19 There was a certain rich man, which was clothed in purple and fine linen, and fared sumptuously every day:
20 And there was a certain beggar named Lazarus, which was laid at his gate, full of sores,
21 And desiring to be fed with the crumbs which fell from the rich man’s table: moreover the dogs came and licked his sores.
22 And it came to pass, that the beggar died, and was carried by the angels into Abraham’s bosom: the rich man also died, and was buried;
23 And in hell he lift up his eyes, being in torments, and seeth Abraham afar off, and Lazarus in his bosom.
24 And he cried and said, Father Abraham, have mercy on me, and send Lazarus, that he may dip the tip of his finger in water, and cool my tongue; for I am tormented in this flame.
25 But Abraham said, Son, remember that thou in thy lifetime receivedst thy good things, and likewise Lazarus evil things: but now he is comforted, and thou art tormented. Lk. 16:19-25
Notice here that one man “was clothed in purple and fine linen, and fared sumptuously every day”; while his neighbor was daily “laid at his gate, full of sores, and desiring to be fed with the crumbs which fell from the rich man’s table: moreover the dogs came and licked his sores.”
Now, the Bible here does not say that Lazarus was born again and that the rich man was not. It could well be that the rich man was also saved. But there is no doubt that Lazarus lived a life that pleased God.
The accusation against the rich man, on the other hand (vs. 19-21), involves how he treated his neighbor, Lazarus. It appears that he lived a selfish, unloving life. He did not love or show compassion to his neighbor, Lazarus, who was poor.
Even Abraham accuses him of only this sin:
“Son, remember that thou in thy lifetime receivedst thy good things, and likewise Lazarus evil things: but now he is comforted, and thou art tormented.”
God is not envious of us when we prosper. I haven’t heard of a father who is envious when his children prosper. God is the Father of fathers and He is happy when we prosper, even in material things.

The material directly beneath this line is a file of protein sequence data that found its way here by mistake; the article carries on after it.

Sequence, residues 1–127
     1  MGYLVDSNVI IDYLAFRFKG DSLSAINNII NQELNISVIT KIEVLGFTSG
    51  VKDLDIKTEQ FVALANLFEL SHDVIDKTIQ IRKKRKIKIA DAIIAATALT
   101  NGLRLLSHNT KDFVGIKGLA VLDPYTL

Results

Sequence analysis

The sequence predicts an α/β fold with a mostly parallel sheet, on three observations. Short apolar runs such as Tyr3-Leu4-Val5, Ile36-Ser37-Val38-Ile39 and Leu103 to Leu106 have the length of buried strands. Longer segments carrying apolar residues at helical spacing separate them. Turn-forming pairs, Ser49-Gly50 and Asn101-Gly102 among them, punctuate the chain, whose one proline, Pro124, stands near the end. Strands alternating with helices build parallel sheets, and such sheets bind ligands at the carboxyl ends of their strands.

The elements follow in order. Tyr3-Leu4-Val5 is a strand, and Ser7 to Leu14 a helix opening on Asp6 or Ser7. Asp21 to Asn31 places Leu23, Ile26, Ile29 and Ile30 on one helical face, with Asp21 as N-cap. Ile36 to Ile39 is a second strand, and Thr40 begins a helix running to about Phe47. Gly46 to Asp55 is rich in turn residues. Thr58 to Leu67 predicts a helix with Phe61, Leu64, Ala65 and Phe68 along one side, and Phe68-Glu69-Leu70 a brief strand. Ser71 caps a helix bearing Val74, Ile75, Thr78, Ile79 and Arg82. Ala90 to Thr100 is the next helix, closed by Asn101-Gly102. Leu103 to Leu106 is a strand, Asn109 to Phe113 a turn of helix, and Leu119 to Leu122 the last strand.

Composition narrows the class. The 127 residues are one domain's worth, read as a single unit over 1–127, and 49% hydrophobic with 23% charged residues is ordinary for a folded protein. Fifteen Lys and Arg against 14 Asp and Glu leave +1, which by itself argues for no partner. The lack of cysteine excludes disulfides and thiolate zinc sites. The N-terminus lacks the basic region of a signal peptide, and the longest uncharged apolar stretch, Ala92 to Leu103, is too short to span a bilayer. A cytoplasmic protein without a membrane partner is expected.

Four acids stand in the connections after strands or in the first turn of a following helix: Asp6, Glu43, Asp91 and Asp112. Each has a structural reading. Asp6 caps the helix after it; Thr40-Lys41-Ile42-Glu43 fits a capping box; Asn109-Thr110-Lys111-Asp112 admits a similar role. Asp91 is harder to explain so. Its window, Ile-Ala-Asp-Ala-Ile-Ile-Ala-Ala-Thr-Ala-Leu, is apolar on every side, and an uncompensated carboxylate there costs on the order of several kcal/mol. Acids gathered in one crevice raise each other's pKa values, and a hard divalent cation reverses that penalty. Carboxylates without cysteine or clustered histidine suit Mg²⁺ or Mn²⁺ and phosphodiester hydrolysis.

But, in countless scriptures, God tells us how we ought to live our lives with the less fortunate in a manner that testifies of our faith in Him.
When we get to heaven, we will not just walk up to God and tell Him, “Lord, you know that on such and such a date I believed in Jesus and I got saved”.
That salvation script won’t work. What will happen is, God will bring out a rap sheet of your lifestyle. He will say, “Let us see your works.”
The Bible, in the Book of James, talks about faith without works.
“14 What doth it profit, my brethren, though a man say he hath faith, and have not works? can faith save him? 15 If a brother or sister be naked, and destitute of daily food, 16 And one of you say unto them, Depart in peace, be ye warmed and filled; notwithstanding ye give them not those things which are needful to the body; what doth it profit? 17 Even so faith, if it hath not works, is dead, being alone.” (Jam. 2:14-17)
Are you saved? Don’t get complacent; Judgement Day is coming. Get out there and “work out your own salvation with fear and trembling.” (Phil. 2:12)
Working out our salvation incudes how we live with the less fortunate. We are stewards of whatever God has given us. One day, we will give an account to God.
All that the rich man would allow the beggar, Lazarus, to have of his sumptuous fare were the crumbs that fell from his table! When we read this, we can think of any number of scenarios that could have been coursing through the rich man’s mind whenever he thought of Lazarus.
Scenario no. 1: He probably considered Lazarus a loser. In today’s church parlance, he would have said Lazarus was cursed. A child of God a beggar? Impossible! The fellow needed a ‘deliverance’ session.
Scenario no. 2: Or, he considered Lazarus plain lazy. Yes, Lazarus was a dirty, lazy beggar. His sores most likely were caused by an unhygienic lifestyle. The rich man therefore gave his security detail strict instructions to keep Lazarus locked out of his compound. He intelligently surmised that if Lazarus so much as set a foot within, something worse than the bubonic plague could erupt right inside his home, and he and his entire family could die.
I once heard a preacher say that he handles only clean, brand new dollar bills. He said something about having a phobia of all the germs that one can easily collect from touching old, dirty bills.
Just like Lazarus’s benefactor, this preacher was also a very intelligent man. But I wouldn’t want to be in his shoes when God shows up.
We should be careful how we handle people, especially God’s people. We should not call them names like “lazy” when we don’t even know – or care – what they are going through. The Bible faults us when we carry this very uncharitable attitude. Colossians 3:12 says:
“Put on therefore, as the elect of God, holy and beloved, bowels of mercies, kindness, humbleness of mind, meekness, longsuffering…”
We ought never to forget that Christ died; and that He died for these very people. It is for this reason that we cannot despise or mistreat people, least of all God’s people.
I believe it was this very sin that took the rich man to hell.
[STOP being merely religious and reconsider your WAYS with regard to God’s people while you still have the time]